Sunday, February 12, 2012

Around the World: Strangers In The Night

February 12, 1992

Very early in the morning I wake up to the sounds of something primal and tribal occurring in the nearby streets.  There is constant chanting and drum beating that continues for hours.  It's not an irritating noise, like a neighbour with a loud stereo.  This is more unsettling, like the natives are restless.

Outside my frosted window, the rhythmic beating of drums is getting louder, the chanting is growing more intense.  Three hard, deliberate knocks bang at my door. I'm searching for something to beat off an intruder with when I hear knocking at the door next to mine and fade off down the breezeway.

Varanasi is it's own reason for celebration.
Photo courtesy of The Longest Way Home.

It's morning and daylight appears to have ended last night's festivities.  I open my door to a rendition of, Strangers In the Night"Zoomie zoomie-zoom..." sings a man as he polishes a car parked at the end of hotel rooms, "...zoom zoomie-zoom-zoom... zoomie zoomie-zoom." 

In the morning, every one enters the garden with the same question.  "Was someone knocking on your door last night?"  Some remark on the disturbing night time sounds of  tribal cannibals dancing around a large caldron and waking up to Frank Sinatra.  Just when you think India is starting to make sense, she throws you a new kind of strangeness.

I must investigate the possibility of reserving a seat on this afternoon's train to Agra, the first stop on my Golden Triangle tour that also includes Jaipur and India's capitol city of New Delhi.  At the train station's reservation office, I am told I cannot make a reservation because this is where they prepare the train schedules.  I should go to booth #8.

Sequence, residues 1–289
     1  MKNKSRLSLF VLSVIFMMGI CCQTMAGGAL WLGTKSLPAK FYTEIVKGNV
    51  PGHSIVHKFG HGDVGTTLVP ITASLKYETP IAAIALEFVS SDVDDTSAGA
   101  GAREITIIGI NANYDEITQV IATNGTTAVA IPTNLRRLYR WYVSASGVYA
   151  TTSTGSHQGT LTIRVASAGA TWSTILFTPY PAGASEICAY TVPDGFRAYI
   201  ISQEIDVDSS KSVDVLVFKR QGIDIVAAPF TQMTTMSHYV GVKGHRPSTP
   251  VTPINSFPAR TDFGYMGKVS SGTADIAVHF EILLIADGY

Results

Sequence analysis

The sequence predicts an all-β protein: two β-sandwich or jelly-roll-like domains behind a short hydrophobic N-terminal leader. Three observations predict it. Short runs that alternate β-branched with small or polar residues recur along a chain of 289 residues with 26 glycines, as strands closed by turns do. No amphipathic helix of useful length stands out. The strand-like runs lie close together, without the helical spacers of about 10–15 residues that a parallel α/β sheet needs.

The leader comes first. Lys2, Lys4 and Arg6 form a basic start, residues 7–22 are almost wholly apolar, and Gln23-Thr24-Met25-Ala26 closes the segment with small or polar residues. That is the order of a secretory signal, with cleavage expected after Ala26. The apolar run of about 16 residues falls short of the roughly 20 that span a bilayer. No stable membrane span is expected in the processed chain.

The clerk at booth #8 sends me to the deserted post of booth #16.  I return to #8 to report this and am redirected to booth #18, which is closed. Back to booth #8 for the third time, where I suggest he can stop playing 'hide the tourist' and just book me a reservation.  "Then I promise I'll to go away for good."  His head starts the side to side bobble and moments later, I have my reservation.  I also have several hours to spend taking one last look at eternal Varanasi.

Train departing Varanasi.
Photo courtesy of National Geographic

I'm on the train bound for Agra, home of the Taj Mahal, although the section of the train I am currently in is headed to New Delhi.  The trip so far is relatively pleasant.  Seating is plentiful, and I have brought with me a plentiful spread of snacks. The only real nuisance is the staring.  Who knew watching me eat crackers was so riveting?

There was no time to find my reserved seat because the train was pulling out of the station at the same time I found it.  Jumping on a moving train with a backpack takes some Indiana Jones-like agility, which I was pleased to learn I have.  In the meantime, I'm in unreserved 3rd class, just like the trip to Varanasi but with more leg room.

Five hours into the journey, the train pulls into Lucknow and it seems that the entire population of Uddar Pradesh is boarding the train.  The comfortable single seat I had all to myself is now being shared with me by three other women.  One of them is sitting on half of my leg and the muscle aches and cramps.  When I try to move it, two of the women fall off into the aisle.  The third turns and glares at me.  An elderly man on the floor starts shouting out to the packed car in Hindi.  The Indian passengers are responding with affirmative grunts and cheers.  The only words he shouts out in English are, "Break bones.  Break bones hard!"

Reserved sleeper class seating.

I stand to work out the pain in my leg and the three women pile into what used to be my seat.  The train stops and I use the opportunity to get away from the lynching that is, fortunately for me, still in the planning stages.  Dashing up the platform, I find my car and the seat I reserved.  The coach is clean and full of sleeping backpackers. My only regret is not moving up here earlier.

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"We act as though comfort and luxury were the chief requirements in life, when all that we really need to make us happy is something to be enthusiastic about."
~Charles Kingsley